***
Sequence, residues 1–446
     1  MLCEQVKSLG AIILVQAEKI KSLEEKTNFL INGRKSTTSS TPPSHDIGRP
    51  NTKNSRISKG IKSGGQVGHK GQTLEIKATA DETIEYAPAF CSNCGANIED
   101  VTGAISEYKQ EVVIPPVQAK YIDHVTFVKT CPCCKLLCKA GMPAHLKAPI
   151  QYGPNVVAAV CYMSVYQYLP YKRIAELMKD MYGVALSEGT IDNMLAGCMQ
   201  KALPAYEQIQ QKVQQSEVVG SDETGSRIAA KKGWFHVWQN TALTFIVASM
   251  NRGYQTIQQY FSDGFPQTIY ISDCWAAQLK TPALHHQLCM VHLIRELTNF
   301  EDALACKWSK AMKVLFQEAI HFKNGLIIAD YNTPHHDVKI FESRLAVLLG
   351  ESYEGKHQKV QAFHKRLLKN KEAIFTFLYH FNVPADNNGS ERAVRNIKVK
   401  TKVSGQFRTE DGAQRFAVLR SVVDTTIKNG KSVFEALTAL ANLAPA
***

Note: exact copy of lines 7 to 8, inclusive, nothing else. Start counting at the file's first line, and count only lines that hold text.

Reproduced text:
   251  NRGYQTIQQY FSDGFPQTIY ISDCWAAQLK TPALHHQLCM VHLIRELTNF
   301  EDALACKWSK AMKVLFQEAI HFKNGLIIAD YNTPHHDVKI FESRLAVLLG